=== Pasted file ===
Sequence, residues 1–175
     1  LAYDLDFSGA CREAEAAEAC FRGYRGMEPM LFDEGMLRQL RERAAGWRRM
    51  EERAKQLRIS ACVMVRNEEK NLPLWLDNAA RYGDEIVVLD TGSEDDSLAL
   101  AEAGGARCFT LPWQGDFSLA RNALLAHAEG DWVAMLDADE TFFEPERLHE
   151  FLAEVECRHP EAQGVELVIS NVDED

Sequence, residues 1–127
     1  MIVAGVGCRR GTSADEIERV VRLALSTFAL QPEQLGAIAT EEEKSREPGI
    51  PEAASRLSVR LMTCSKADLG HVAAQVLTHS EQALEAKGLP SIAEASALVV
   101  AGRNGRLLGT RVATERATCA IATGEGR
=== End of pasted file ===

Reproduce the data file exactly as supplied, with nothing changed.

Sequence, residues 1–175
     1  LAYDLDFSGA CREAEAAEAC FRGYRGMEPM LFDEGMLRQL RERAAGWRRM
    51  EERAKQLRIS ACVMVRNEEK NLPLWLDNAA RYGDEIVVLD TGSEDDSLAL
   101  AEAGGARCFT LPWQGDFSLA RNALLAHAEG DWVAMLDADE TFFEPERLHE
   151  FLAEVECRHP EAQGVELVIS NVDED

Sequence, residues 1–127
     1  MIVAGVGCRR GTSADEIERV VRLALSTFAL QPEQLGAIAT EEEKSREPGI
    51  PEAASRLSVR LMTCSKADLG HVAAQVLTHS EQALEAKGLP SIAEASALVV
   101  AGRNGRLLGT RVATERATCA IATGEGR